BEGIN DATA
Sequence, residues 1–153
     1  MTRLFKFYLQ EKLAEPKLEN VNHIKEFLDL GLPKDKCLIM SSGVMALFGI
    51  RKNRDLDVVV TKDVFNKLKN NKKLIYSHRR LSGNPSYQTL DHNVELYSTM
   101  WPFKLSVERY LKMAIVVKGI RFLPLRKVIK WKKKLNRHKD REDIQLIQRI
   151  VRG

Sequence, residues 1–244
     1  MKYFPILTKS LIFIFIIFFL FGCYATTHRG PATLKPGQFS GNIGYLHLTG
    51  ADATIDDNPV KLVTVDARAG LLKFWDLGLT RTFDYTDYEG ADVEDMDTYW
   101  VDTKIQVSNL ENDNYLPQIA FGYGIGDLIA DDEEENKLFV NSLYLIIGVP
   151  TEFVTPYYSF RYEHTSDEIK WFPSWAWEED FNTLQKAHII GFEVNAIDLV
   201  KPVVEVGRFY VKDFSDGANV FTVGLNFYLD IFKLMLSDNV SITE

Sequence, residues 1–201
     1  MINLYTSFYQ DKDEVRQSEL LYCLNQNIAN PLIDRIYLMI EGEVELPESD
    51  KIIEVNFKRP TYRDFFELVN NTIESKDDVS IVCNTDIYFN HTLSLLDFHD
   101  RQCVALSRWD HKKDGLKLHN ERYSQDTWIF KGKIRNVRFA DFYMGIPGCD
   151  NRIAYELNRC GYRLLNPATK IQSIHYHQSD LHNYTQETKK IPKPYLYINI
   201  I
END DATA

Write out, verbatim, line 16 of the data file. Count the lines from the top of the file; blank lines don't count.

   151  NRIAYELNRC GYRLLNPATK IQSIHYHQSD LHNYTQETKK IPKPYLYINI